Originally released in May of 1977, Star Wars (aka Star Wars: A New Hope) seemed unlikely to become one of the chief cinematic touchstones of the 20th century; a film made by a guy who wanted to make Flash Gordon but was beaten to the punch by Dino De Laurentiis, starring a mix of American rookies and veteran British thespians, with a limited budget and a rushed production. Forty-five years later, that initial seed has grown into one of the biggest multimedia franchises in American history, with multiple generations of kids having grown up with it (and the whirling maelstrom of highly profitable merchandise around it), spawning countless spin-offs, tie-ins, and arguments between fans. If there’s anything nerds know how to do is argue about their respective franchises. I should know.
Star Wars and its guns would leave a very large personal footprint on both my childhood and my adult life. Like many I got my first exposure in my grade school days, and the circles I ran in through most of my school career considered the Original Trilogy to be Serious Business, and I had no problem taking the Business as Serious as they did. That said, I never really took a side in the whole Wars vs Trek debate, since each franchise scratches a very different itch to me; it’s like picking a side between steak and ribs as far as I’m concerned.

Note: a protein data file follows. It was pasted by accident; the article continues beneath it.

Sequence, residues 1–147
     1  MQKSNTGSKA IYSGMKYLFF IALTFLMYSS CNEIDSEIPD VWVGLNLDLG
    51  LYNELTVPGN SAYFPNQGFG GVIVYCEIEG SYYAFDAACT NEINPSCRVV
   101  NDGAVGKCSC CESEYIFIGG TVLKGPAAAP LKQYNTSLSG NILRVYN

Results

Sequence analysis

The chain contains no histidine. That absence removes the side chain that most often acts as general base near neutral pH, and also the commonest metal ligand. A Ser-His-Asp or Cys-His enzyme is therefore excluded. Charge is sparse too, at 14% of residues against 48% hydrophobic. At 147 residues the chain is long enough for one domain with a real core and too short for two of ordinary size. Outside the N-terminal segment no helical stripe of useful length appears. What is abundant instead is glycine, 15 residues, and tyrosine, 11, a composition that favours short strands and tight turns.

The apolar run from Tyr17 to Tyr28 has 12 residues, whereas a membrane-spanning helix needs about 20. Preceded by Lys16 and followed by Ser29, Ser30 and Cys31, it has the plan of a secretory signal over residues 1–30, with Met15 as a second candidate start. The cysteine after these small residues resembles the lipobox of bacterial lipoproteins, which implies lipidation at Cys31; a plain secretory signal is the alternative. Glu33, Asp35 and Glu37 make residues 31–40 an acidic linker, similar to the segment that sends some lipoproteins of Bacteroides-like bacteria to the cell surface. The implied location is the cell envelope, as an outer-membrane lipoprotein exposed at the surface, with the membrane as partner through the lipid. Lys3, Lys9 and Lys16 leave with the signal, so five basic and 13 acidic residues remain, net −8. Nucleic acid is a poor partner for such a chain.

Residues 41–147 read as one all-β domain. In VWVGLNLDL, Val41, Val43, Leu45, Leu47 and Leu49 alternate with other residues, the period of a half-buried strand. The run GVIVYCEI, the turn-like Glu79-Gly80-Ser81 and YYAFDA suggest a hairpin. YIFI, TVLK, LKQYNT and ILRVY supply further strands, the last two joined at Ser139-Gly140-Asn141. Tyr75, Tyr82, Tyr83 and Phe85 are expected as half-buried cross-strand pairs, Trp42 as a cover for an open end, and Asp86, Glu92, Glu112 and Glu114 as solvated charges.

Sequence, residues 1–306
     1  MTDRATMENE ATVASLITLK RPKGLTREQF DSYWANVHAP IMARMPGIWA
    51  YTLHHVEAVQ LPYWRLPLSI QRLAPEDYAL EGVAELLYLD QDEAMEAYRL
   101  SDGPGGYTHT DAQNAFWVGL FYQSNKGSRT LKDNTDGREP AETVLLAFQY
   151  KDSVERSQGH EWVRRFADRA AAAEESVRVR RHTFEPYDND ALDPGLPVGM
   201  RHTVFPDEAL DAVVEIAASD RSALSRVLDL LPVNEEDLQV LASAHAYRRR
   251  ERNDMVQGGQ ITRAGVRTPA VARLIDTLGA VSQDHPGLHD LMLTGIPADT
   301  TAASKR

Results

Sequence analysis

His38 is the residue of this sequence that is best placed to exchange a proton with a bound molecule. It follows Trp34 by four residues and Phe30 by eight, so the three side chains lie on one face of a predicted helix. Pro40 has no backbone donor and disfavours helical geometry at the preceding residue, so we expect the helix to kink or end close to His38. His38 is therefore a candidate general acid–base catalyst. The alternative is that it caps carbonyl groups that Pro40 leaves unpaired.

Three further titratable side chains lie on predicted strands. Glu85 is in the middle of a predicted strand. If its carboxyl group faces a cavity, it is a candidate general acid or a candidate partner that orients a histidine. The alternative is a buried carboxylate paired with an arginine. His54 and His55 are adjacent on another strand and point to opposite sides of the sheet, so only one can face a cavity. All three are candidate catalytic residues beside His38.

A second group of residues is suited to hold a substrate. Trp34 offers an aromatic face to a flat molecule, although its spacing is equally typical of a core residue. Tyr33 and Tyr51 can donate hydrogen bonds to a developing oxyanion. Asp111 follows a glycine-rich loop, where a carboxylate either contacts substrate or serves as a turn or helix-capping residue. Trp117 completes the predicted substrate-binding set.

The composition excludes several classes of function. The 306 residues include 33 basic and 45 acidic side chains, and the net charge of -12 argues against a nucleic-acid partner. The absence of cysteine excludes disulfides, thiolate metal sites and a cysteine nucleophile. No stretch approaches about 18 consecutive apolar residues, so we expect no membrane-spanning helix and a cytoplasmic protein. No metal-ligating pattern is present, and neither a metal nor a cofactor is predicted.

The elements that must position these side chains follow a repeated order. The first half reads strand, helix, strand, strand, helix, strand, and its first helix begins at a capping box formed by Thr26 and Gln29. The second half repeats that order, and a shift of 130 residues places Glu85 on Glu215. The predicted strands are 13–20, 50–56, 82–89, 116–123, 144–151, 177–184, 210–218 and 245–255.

Now, I’ve never gotten a Star Wars tattoo, or named a kid or pet after a character, or anything like that, but the guns of Starwars did have a major impact on my life. Growing up, I was never around any weapons more potent than a Swiss Army Knife, as my parents were highly opposed to them and no one in my immediate family hunted.